Network News

X My Profile
View More Activity
Posted at 4:45 PM ET, 12/17/2010

What is 'local' food? MD has an idea. Sort of.

By Tim Carman
maryland blue crabs_opt.jpg Blue crabs: the royalty of local foods in Maryland. (Mark Gail for The Washington Post)

The main issue for the locavore movement is definition. How do you define local food? What is the very outer marker for a product that desires to carry the covetous "local" sticker? And what is the boundary across which the carbon footprint is just too mammoth to justify a product's consumption under the righteous banner of locavorism?

Those are the questions.

The state of Maryland is hoping to apply a little legal muscle to the definition of "local," with the idea that hard rules might prevent locavore consumers from getting ripped off at grocery stores and farmers markets. The state's Department of Agriculture today published proposed rules that aim to, once and for all, define local food, based on input from farmers, retail representatives, consumer advocates and others. I know you're dying to know how Maryland defined the term, so I won't keep you waiting.

The moment of truth...

A person may not advertise any agricultural product for sale as local or locally grown, or use any term that may lead a consumer to believe that the product is local or locally grown, including such a term as “regional”, unless the advertisement includes a disclosure of the place of origin, naming the state where the product was originally grown or raised, or in the case of fish or shellfish, the state where the product was raised or landed.

You read right. The state essentially puts the burden back on you. The best you'll get is an assurance that the product comes from the state labeled on the package (although Maryland is also encouraging retailers to list the farms from which the products come, too). Here's the state's reasoning for its timid approach:

Due to the fact that consumers do not agree on one definition, the Department does not propose to define for consumers what is or is not local. Instead, by requiring businesses to disclose the origin of the product, consumers can make their own determination as to whether a food advertised as “local” meets their own standards. This is the same model of regulation that the State uses in the case of the advertising of kosher and halal foods.

You can read the proposed rules in the Maryland Register (PDF form). You can also comment on them by writing Mark Powell, chief of marketing, Maryland Department of Agriculture, 50 Harry S. Truman Parkway, Annapolis, MD 21401. Or by calling 410-841-5775 or e-mailing Or by faxing comments to 410-841-5957. Comments will be accepted through Jan. 18, 2011.

By Tim Carman  | December 17, 2010; 4:45 PM ET
Categories:  Food Politics, Food labeling, Shopping  | Tags:  Maryland Department of Agriculture, Tim Carman, locavore  
Save & Share:  Send E-mail   Facebook   Twitter   Digg   Yahoo Buzz   StumbleUpon   Technorati   Google Buzz   Previous: Brickskeller memories: Beer can collecting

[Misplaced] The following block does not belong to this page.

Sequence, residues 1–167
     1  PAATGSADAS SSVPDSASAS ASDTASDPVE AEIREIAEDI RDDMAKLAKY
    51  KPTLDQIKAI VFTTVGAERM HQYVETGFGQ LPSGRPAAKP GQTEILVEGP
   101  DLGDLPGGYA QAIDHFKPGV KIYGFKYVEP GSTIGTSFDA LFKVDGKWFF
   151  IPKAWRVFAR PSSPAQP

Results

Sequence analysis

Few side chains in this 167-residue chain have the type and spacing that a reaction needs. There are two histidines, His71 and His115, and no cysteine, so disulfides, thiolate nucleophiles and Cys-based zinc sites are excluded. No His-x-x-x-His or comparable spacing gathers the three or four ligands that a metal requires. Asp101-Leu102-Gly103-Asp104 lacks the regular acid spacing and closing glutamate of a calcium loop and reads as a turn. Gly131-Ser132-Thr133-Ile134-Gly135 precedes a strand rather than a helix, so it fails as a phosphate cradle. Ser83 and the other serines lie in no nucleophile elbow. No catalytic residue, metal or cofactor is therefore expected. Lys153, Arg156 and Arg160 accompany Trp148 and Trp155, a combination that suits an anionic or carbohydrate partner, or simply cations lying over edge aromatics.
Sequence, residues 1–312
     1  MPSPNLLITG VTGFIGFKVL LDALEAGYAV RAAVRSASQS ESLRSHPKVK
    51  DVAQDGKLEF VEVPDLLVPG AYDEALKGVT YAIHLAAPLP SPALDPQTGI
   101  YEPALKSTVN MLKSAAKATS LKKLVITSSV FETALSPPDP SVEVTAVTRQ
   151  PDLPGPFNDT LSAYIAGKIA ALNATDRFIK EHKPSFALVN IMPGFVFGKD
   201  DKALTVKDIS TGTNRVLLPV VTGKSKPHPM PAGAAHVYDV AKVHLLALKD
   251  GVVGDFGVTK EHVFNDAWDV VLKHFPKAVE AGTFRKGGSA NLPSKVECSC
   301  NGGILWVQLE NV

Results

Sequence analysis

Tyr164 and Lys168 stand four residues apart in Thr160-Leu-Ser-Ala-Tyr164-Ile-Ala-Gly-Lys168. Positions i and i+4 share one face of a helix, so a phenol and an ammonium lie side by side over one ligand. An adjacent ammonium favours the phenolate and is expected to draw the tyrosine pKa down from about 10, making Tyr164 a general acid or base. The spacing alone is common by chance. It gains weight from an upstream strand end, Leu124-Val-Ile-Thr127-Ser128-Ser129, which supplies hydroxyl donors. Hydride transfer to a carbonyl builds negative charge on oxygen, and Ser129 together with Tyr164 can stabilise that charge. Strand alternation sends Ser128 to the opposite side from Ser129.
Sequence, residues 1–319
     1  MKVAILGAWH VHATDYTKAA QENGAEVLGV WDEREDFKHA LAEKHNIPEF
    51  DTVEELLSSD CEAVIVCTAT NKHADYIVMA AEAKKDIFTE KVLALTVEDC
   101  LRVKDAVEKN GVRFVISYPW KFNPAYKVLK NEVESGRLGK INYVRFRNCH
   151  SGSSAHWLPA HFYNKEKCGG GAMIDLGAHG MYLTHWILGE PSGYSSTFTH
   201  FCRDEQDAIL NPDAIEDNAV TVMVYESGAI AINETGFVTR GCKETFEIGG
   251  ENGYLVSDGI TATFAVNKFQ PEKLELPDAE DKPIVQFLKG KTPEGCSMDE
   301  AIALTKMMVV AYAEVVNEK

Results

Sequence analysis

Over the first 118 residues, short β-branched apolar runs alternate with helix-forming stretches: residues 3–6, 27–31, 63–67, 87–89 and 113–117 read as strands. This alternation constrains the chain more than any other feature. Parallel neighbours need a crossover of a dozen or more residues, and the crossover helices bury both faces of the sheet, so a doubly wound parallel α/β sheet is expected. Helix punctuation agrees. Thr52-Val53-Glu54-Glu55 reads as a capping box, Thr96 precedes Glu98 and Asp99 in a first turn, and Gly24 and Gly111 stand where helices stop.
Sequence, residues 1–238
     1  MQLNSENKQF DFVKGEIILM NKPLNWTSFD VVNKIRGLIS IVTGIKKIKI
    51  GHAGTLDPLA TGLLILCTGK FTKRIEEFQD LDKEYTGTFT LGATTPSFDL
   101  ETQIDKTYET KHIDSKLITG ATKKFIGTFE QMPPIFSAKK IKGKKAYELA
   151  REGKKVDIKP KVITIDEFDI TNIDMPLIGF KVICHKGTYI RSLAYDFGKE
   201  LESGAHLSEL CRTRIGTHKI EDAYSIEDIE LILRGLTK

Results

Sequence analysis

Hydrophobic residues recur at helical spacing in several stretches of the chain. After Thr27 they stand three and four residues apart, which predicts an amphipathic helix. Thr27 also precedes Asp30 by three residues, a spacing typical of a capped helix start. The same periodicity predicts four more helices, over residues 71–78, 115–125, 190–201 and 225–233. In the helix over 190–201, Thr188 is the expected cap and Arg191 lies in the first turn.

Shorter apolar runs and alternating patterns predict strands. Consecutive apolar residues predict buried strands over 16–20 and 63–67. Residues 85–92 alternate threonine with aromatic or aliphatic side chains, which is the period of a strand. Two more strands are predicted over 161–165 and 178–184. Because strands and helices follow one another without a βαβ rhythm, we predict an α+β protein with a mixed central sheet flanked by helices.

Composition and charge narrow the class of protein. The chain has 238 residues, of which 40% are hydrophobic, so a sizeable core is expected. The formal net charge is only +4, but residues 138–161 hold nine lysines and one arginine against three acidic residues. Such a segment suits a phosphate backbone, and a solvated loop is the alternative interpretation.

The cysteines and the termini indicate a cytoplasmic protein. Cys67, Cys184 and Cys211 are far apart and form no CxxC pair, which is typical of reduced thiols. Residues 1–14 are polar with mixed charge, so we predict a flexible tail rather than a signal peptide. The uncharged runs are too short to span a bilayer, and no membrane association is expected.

Next: Disney FD takes the cake at gingerbread contest


It's a fair start. One common definition is 'within 100 miles'. In my area I've seen food advertised as local and seasonal that included ingredients such as avocadoes that come from at least a thousand miles away (from MA.) Or you hear about the 'local coffee' from Vermont. Processed in Vermont, grown on other continents. Or the farm stands, which you assume are selling their own produce, are simply filling out the shelves with produce from California.

More commonly my grocery store labels CT and RI as local, which you think about and say, yeah, you know, that's not too bad; likely enough within 100 mi. Is PA really the closest source for organic Thanksgiving turkeys? Well no, but you have to be really tuned in to find the NH ones, and I don't have a source in MA. Business opportunity? (-;

As a gardener and a CSA member I have a pretty good idea of what's doable in our area -- and CSAs and winter farmer's markets are really taking off the last couple of years. Right now I'm eating pea greens and lentil sprouts, grown on my windowsill, and homegrown butternuts, garlic, and leeks. The October pumpkins-on-the-porch image really resonates, with me. Did you know that if they are sound, fall harvested butternuts will keep till May or June?

Posted by: Stanwell | December 18, 2010 9:53 AM | Report abuse

Post a Comment

We encourage users to analyze, comment on and even challenge's articles, blogs, reviews and multimedia features.

User reviews and comments that include profanity or personal attacks or other inappropriate comments or material will be removed from the site. Additionally, entries that are unsigned or contain "signatures" by someone other than the actual author will be removed. Finally, we will take steps to block users who violate any of our posting standards, terms of use or privacy policies or any other policies governing this site. Please review the full rules governing commentaries and discussions.

characters remaining

RSS Feed
Subscribe to The Post

© 2010 The Washington Post Company